Results 1 to 17 of 17

Thread: Relocating from Georgia to Anchorage- am I doomed?

  1. #1
    New member
    Join Date
    Jul 2012
    Location
    Athens, Georgia
    Posts
    2

    Default Relocating from Georgia to Anchorage- am I doomed?

    Hi all,

    I am planning a move to Anchorage in the next two months or so, maybe October. I have no real cold weather experience and am unsure what I'm in for. I will also be flying there, and will have no car. I'm wondering if I should buy a car here and drive it to Anchorage, or should I buy a car there? I've been told that buying a car in AK would be more expensive. If I could potentially live within half a mile of my job, would I be able to walk, ride a bike, or bus to work? I'm sure I'll need a car eventually, but hoping I can get away with not having one for a month or two. Is October too cold to walk to work?

    I'm also curious about Native Alaskan culture. I'll be working as a nurse at ANMC (hopefully) and I'm not sure what cultural differences to expect from any Native patients. Hoping to increase my level of understanding (and also decrease the chances of offending anyone.) I'd like to know a little bit more about the history. Any reading material or insights?

    Thanks!

    Tyler

  2. #2
    Member SANDRAT's Avatar
    Join Date
    Apr 2012
    Location
    Kenai,AK
    Posts
    123

    Default

    [QUOTE=temp235;1147690]Hi all,

    I am planning a move to Anchorage in the next two months or so, maybe October. I have no real cold weather experience and am unsure what I'm in for. I will also be flying there, and will have no car. I'm wondering if I should buy a car here and drive it to Anchorage, or should I buy a car there? I've been told that buying a car in AK would be more expensive. If I could potentially live within half a mile of my job, would I be able to walk, ride a bike, or bus to work? I'm sure I'll need a car eventually, but hoping I can get away with not having one for a month or two. Is October too cold to walk to work?

    I'm also curious about Native Alaskan culture. I'll be working as a nurse at ANMC (hopefully) and I'm not sure what cultural differences to expect from any Native patients. Hoping to increase my level of understanding (and also decrease the chances of offending anyone.) I'd like to know a little bit more about the history. Any reading material or insights?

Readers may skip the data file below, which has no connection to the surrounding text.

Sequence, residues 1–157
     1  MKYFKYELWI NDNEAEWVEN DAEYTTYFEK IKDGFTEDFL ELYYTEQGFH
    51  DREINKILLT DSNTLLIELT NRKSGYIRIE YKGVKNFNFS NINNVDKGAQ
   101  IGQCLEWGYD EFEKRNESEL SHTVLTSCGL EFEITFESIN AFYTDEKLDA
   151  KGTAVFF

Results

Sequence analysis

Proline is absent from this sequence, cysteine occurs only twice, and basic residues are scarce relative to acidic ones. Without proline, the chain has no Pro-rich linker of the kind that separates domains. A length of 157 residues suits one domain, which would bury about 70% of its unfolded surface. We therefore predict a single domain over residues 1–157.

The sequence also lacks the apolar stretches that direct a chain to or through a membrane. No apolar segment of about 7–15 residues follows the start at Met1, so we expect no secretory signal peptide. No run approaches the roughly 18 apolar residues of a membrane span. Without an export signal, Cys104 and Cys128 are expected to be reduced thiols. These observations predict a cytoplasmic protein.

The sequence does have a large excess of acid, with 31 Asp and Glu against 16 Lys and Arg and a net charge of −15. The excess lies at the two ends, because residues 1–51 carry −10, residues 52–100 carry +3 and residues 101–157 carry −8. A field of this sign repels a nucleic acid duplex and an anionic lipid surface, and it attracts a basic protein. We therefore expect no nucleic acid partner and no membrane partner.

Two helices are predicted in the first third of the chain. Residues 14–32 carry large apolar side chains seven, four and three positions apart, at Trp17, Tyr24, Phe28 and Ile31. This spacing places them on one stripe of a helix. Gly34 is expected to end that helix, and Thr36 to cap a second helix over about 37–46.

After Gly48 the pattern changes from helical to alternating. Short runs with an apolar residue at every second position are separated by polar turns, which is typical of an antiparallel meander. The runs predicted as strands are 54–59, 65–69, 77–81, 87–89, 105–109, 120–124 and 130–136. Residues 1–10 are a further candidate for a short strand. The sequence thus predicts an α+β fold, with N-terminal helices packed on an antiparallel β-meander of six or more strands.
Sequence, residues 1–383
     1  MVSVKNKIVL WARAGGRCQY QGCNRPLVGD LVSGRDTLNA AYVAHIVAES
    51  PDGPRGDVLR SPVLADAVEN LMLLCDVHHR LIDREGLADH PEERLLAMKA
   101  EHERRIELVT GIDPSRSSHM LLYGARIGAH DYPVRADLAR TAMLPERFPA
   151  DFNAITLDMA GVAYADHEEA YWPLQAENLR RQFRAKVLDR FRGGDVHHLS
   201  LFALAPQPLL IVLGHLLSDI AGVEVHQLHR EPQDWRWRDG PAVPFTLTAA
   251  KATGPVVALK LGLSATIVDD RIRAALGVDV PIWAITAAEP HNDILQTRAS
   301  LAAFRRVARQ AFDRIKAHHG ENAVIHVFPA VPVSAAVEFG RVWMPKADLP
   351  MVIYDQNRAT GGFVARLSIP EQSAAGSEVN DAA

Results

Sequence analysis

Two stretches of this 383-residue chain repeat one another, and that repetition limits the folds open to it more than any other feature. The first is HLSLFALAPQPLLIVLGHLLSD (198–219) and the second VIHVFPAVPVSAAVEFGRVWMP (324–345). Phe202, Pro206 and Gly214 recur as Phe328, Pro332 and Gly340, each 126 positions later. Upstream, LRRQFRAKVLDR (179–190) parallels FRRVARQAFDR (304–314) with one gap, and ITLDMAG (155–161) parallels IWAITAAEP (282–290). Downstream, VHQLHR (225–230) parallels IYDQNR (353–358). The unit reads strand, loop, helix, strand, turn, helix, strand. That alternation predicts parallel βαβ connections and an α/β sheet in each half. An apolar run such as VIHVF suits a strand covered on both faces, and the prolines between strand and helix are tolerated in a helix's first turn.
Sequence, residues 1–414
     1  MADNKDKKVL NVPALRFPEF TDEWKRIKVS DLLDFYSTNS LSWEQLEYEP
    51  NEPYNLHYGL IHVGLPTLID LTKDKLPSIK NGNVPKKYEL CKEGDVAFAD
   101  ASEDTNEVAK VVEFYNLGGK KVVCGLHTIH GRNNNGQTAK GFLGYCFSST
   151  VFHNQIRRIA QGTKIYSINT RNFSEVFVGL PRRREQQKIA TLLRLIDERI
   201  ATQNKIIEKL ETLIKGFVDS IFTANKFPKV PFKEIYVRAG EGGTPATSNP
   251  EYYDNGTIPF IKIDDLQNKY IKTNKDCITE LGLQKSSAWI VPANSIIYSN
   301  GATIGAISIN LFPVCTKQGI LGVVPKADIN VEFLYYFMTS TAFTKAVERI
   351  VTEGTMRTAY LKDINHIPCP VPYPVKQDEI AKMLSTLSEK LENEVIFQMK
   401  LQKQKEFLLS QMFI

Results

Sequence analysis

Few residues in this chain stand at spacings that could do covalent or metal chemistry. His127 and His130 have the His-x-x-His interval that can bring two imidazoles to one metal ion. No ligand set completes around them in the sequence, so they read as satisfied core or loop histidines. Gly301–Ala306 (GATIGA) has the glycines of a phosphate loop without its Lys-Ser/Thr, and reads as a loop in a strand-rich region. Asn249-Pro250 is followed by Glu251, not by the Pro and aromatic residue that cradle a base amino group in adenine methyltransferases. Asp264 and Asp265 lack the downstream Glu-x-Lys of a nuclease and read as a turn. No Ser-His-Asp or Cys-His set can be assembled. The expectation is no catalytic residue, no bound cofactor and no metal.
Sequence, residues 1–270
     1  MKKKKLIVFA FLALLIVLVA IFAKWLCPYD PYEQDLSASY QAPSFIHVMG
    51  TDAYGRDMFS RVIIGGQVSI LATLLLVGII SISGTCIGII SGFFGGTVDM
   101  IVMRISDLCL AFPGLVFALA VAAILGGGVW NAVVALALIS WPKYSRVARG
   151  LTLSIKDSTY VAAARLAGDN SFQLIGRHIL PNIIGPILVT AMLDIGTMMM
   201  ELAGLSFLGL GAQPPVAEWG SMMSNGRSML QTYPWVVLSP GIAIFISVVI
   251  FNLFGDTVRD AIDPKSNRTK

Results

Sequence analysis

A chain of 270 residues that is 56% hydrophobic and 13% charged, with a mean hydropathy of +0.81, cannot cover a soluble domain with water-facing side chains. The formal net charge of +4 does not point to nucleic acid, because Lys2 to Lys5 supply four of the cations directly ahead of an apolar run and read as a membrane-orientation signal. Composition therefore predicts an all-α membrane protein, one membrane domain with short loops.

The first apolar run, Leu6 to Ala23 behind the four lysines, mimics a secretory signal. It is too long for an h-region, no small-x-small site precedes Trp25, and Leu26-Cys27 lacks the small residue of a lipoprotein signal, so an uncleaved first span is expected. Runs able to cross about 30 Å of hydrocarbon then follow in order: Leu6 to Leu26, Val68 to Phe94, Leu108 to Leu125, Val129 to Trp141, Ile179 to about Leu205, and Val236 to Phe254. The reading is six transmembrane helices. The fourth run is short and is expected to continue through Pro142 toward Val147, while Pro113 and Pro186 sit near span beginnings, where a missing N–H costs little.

Thanks!

    Tyler[/QUOTE}
    This is stilll the United States,Holy Crap !!! Natives are pretty civilized here in Alaska,actually pretty nice people ! Anything you can do to make yourself at home would be appreciated !!!

  3. #3
    New member
    Join Date
    Jul 2012
    Location
    Athens, Georgia
    Posts
    2

    Default

    guess I have already offended. I would have no reason to think that they are not nice people or not civilized. That is not at all what I meant. I just know that there is a wealth of culture in AK that I have no idea about and am interested in getting to know the history.

  4. #4
    Moderator LuJon's Avatar
    Join Date
    Mar 2007
    Location
    Palmer, AK
    Posts
    11,415

    Default

    ANMC will get you spun up on the native culture during orientation. One thing to note is that AK is huge and there are multiple different native cultures spread around the state not just one "Alaska native". Many (most?) now have grown up pretty much just like anywhere else in Anchorage, Fairbanks or the valley. Some have never been to "town". I met a few that had never been in an elevator while I worked there. They aren't ignorant and knew it wasn't some sort of magic or any BS like that but they certainly weren't completely comfortable with climbing into a closet and being hoisted 4 stories in the air either!